25. DallasDMD says:

    @caj11: Granted that on a bus kids can’t exactly leave and/or turn it off, but no one really forces them to pay attention, and they can talk among their friends, etc.

    Its distracting nonetheless. Children will consume at least some of what gets blasted out.

    When I rode the bus, we always had an FM radio station playing with plenty of commercials – how is this any different?

    Well, I’d say its worse because Bus Radio knows the kids are a captive audience who cannot turn off the radio and have to sit thru the whole trip listening. Most of what is on FM is definitely garbage nonetheless.

    Might as well make a few bucks for the school district

    As if money is the most important issue here.

    Riding the school bus is unpleasant enough, might as well make it a little bit tolerable with a little music

    I’d rather my kids consume wholesome entertainment, period. Passive entertainment is degrading.

  26. edrebber says:

    If Bus Radio will give 10 minutes every hour to broadcast students making farting noises with their hand under their armpit, then I don’t have a problem with this. Otherwise, pull the plug on bus radio.

  27. DamThatRiver says:

    When he was in the sixth grade, he had a bus driver who would play Paul Harvey every afternoon.

    That child grew up to be DamThatRiver.

  28. jonworld says:

    Why does the school board need to screen the commercials? A bus driver I had in middle school played uncensored rap music at full blast during our commute (ugh! I hate rap)…at one of the best school districts in the country.

    Funny…the buses at my high school don’t even have radios. Besides our friends, the only entertainment we have during our 20-minute commute through traffic is our crazy redneck bus driver yelling racist comments at “Mexican” bad drivers.

  29. caj11 says:

    @DallasDMD:

    Okay DallasDMD, you win. From now on hereon in, all public school buses across the country will have nothing but NPR stations playing on them. Wait! There’s going to be underwriting (i.e., “All Things Considered is brought to you by ______”). The kids won’t be safe! So degrading!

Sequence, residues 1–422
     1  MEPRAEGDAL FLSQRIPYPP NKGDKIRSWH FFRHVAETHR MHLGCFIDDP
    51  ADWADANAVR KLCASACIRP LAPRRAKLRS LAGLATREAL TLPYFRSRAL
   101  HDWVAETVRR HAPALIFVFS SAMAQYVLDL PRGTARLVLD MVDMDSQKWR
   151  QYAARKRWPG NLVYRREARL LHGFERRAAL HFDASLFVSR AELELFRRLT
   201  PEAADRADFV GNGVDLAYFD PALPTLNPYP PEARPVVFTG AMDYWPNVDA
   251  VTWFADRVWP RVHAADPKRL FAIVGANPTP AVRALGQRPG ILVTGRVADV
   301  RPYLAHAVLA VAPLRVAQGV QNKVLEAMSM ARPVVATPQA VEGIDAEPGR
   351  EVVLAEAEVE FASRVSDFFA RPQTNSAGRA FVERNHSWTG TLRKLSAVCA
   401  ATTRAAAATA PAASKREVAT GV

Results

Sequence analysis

So how exactly do you want to keep the public school bus rides a little more tolerable and under control, which, IMHO, were like prison yards in a much more enclosed space. Well, I suppose some buses are more peaceful than others.

  30. CurbRunner says:

    Nothing like broadcasting to a captive audience of kids who probably already have their ears plugged with ipod buds.
    How about some ads placed in front of the school’s bathroom urinals or in the stalls and plastered all over the outside of that school bus.
    Laminate the classroom desktops with ads too.

  31. throwmeaway says:

    Disgusting. Shame on us all.

  32. youbastid says:

    @CurbRunner: Why stop at desktops? There’s still blackboards, locker exterior/interiors, lunchtable surfaces, and floortiles to be had! ;)

  33. doctor_cos wants you to remain calm says:

    I am so glad that we teach kids how to pass these tests, because as anyone in the real world with a job knows, tests like these are how things actually get done!

    Our educational system sucks balls. The money president monkey butt has pissed away in Iraq would have built ALL NEW SCHOOLS FOR EVERY CHILD.

  34. ChimpWithACar says:

    I went to school in Seminole County, Florida for 3 years. The bus drivers already play music from the regular FM airwaves, so this proposal isn’t really a stretch.

    Reminds me of ChannelOne, a TV channel we were all forced to watch in a school district in Illinois. They buy off schools by giving away free TVs and equipment.

  35. shiwsup says:

    First, the headline could instead read “COMMECIAL RADIO ADVERTISES TO YOUR SCHOOL-BOUND KIDS.” Where is the outrage there?

    Second, if you want educational content, here is a company that makes educational rap music: Rhythm, Rhyme, Results

    Third, this is the most bizarre comment thread I’ve seen in a while.

    @DallasDMD: Did you ever actually ride a bus? All this talk about “captive audience” is beside the point: Bus Radio is a sanitized alternative to crappy FM stations that buses usually play. The music has been edited to be more appropriate for kids, including the removal of questionable slang that makes it to radio (sometimes entire verses); there is no inappropriate morning DJ banter; and the ads are often PSAs or announcements for things like public service organizations.

    If you want your kids to listen to something wholesome, Bus Radio is not your problem.

  36. caj11 says:

    @CurbRunner:

    Well, you sort of contradicted yourself on the issue of kids being a captive audience on the school bus, because if they can listen to their IPods, they’re not really a captive audience then are they?

    As for ads placed over urinals, on a school bus or on desktops, kids would be a captive audience to them and I would definitely disagree with that.

    But as a side note, my high school had a Pepsi, Coke AND a VeryFine juice machine. I saw them nearly every day, a captive audience to their bright logos, but I might have purchased something out of them twice during my four years. I hardly drink carbonated beverages today and I never see VeryFine beverages anywhere.